Libraries store the energy that fuels the imagination. They open up windows to the world and inspire us to explore and achieve, and contribute to improving our quality of life. Libraries change lives for the better. Sidney Sheldon

My life was changed for the better from spending time at the library. How about you; any favorite library memories?


Procrastination: The Writer’s True Profession

“The most important things are the hardest to say. They are the things you get ashamed of, because words diminish them — words shrink things that seemed limitless when they were in your head to no more than living size when they’re brought out. But it’s more than that, isn’t it? The most important things lie too close to wherever your secret heart is buried, like landmarks to a treasure your enemies would love to steal away. And you may make revelations that cost you dearly only to have people look at you in a funny way, not understanding what you’ve said at all, or why you thought it was so important that you almost cried while you were saying it. That’s the worst, I think. When the secret stays locked within not for want of a teller but for want of an understanding ear.” S. King, Different Seasons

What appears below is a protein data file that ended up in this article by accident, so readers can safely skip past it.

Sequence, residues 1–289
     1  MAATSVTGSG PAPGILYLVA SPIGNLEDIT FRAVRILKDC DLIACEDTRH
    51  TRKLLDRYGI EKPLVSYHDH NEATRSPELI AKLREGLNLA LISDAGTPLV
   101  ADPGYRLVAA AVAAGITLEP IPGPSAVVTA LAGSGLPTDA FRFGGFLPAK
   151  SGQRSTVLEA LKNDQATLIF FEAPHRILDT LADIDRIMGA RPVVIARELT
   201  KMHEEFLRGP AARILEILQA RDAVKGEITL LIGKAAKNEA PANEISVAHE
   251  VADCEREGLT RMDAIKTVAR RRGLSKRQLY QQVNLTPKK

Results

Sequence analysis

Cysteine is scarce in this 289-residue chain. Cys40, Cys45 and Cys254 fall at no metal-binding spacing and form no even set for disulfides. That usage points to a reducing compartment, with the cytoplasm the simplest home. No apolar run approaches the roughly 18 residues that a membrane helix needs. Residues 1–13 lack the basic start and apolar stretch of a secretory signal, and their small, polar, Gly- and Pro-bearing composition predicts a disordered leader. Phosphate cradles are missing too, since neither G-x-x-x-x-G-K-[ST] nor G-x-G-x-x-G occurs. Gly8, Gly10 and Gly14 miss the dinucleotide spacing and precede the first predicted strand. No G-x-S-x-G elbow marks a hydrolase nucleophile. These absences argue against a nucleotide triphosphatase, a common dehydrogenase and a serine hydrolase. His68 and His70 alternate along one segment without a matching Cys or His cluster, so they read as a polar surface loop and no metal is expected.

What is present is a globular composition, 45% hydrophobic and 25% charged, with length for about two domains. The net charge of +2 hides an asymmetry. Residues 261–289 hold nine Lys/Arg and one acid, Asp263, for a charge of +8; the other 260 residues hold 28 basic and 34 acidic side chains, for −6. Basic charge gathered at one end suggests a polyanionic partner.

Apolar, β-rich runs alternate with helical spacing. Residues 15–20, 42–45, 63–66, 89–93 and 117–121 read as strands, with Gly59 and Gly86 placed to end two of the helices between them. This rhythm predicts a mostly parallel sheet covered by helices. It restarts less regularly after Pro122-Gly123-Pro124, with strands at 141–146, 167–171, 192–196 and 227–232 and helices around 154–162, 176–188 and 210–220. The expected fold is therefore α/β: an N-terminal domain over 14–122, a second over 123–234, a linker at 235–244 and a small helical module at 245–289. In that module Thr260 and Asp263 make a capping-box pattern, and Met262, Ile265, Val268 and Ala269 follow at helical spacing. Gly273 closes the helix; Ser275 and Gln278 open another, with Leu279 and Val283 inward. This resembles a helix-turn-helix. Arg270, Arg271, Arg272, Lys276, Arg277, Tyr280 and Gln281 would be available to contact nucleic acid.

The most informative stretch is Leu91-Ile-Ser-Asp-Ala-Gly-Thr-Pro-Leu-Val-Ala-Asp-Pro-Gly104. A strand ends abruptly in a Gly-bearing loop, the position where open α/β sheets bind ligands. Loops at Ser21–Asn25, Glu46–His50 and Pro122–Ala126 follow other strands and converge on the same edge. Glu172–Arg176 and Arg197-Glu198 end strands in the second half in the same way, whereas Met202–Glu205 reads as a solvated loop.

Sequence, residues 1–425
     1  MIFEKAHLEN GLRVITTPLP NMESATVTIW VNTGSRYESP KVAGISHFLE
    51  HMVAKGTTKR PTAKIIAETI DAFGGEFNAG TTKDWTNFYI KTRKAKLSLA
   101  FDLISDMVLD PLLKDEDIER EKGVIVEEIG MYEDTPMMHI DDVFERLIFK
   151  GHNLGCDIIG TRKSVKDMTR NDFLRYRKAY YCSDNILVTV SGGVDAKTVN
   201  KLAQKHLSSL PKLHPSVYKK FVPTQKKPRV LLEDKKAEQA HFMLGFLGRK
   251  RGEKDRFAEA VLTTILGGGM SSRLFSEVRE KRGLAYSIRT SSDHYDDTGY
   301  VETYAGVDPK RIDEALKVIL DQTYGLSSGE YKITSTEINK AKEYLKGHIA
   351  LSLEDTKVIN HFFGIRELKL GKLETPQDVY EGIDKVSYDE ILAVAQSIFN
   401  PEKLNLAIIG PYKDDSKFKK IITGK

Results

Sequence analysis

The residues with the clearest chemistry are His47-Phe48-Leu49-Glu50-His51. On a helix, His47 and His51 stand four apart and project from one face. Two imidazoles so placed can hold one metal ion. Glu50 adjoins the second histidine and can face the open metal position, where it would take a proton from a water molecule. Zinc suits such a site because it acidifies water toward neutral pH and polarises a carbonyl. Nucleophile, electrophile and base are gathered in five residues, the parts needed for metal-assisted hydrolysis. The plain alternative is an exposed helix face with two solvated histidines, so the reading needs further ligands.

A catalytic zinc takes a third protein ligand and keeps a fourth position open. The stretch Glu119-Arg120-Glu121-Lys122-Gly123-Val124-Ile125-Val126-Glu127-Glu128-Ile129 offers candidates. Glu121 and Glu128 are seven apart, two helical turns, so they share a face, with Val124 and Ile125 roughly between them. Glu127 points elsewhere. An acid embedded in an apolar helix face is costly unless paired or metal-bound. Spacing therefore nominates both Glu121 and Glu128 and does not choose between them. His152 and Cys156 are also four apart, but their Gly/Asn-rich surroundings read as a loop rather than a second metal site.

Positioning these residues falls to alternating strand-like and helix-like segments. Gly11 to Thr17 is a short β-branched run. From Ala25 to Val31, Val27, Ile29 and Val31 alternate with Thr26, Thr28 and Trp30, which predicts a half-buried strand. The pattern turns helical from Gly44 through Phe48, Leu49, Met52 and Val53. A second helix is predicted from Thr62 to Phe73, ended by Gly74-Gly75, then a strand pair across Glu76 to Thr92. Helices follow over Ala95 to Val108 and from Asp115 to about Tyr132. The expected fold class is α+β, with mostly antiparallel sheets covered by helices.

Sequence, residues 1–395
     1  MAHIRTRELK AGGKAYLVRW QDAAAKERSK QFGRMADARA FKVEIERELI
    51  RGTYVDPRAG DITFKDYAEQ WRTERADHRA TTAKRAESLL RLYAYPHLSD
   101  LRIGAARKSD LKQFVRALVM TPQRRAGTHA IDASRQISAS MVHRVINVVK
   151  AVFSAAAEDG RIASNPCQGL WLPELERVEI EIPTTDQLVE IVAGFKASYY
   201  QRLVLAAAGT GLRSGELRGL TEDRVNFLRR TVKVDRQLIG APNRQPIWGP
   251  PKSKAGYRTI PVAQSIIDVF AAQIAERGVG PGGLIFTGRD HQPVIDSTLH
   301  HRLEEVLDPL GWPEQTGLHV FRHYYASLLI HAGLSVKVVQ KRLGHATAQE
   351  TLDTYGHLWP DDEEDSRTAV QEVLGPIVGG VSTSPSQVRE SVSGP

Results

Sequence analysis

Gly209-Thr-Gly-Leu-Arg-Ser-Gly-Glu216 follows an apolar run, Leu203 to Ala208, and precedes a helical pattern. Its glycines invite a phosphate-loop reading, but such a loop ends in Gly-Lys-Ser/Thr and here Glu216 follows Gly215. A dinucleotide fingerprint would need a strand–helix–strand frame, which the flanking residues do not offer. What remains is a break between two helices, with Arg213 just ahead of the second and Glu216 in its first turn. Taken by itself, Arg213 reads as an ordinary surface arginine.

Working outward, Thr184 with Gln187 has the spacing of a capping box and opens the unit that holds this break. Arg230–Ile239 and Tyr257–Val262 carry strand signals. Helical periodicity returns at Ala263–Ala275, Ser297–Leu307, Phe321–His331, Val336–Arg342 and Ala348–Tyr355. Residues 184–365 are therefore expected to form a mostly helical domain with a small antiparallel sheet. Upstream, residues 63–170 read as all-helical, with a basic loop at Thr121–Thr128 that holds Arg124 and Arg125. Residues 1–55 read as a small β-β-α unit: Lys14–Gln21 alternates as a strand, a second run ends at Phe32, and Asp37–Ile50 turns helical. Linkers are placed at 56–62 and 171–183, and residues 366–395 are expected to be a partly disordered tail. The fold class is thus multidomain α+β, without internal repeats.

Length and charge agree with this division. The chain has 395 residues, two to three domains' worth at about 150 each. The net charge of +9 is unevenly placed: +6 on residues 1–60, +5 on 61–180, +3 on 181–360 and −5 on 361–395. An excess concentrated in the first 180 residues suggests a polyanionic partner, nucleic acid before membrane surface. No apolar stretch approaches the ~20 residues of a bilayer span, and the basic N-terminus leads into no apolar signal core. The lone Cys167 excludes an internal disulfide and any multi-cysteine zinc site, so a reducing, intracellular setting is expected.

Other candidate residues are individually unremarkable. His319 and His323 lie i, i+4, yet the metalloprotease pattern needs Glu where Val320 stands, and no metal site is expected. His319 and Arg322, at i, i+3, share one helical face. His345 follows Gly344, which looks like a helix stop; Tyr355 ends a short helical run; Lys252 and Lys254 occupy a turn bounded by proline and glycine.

You may have noticed that today is Wednesday and that my posts usually come out on Tuesday. You are very observant. That is true. The problem is that I have been experiencing some road blocks to my word count and I’ve been avoiding telling you because then, I don’t have to admit it to myself. But, if I’m going to be honest, the going is HARD right now. I won’t call it writer’s block because I have a ton of scenarios and conversations buzzing around inside my head, I just can’t get them into any cohesive being. On top of that, I have a lot of emotions running wild because I’d left things sit for too long and am just now attempting to deal with them. In the long run, this overabundance of information and detail and character is better, because I will have more to pull from, but right now, in the thick of it and with everything else going on, I am overwhelmed. So what do I do? That’s right, you smarty pants, I procrastinate.